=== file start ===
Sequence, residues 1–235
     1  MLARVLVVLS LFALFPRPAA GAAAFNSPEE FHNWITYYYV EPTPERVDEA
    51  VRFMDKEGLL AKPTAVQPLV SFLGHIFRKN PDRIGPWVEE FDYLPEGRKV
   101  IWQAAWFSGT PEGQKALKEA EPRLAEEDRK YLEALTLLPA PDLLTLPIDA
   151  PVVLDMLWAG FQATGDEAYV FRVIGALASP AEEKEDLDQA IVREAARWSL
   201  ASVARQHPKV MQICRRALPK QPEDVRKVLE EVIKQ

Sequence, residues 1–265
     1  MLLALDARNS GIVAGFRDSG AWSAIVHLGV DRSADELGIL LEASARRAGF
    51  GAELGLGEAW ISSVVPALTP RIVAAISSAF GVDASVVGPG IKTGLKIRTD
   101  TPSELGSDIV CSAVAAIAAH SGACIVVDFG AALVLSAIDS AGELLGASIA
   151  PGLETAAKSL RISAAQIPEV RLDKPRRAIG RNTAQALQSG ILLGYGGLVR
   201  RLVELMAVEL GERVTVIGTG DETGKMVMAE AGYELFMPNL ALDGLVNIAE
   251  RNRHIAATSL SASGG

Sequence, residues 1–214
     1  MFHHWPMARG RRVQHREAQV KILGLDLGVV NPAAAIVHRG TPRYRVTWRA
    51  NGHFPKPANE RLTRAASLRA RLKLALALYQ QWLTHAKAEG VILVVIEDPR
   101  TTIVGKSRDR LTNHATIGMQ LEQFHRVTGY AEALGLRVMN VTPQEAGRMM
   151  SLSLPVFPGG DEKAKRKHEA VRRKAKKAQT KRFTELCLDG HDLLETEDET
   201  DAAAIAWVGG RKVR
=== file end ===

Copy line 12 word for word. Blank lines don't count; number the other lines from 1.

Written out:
   201  RLVELMAVEL GERVTVIGTG DETGKMVMAE AGYELFMPNL ALDGLVNIAE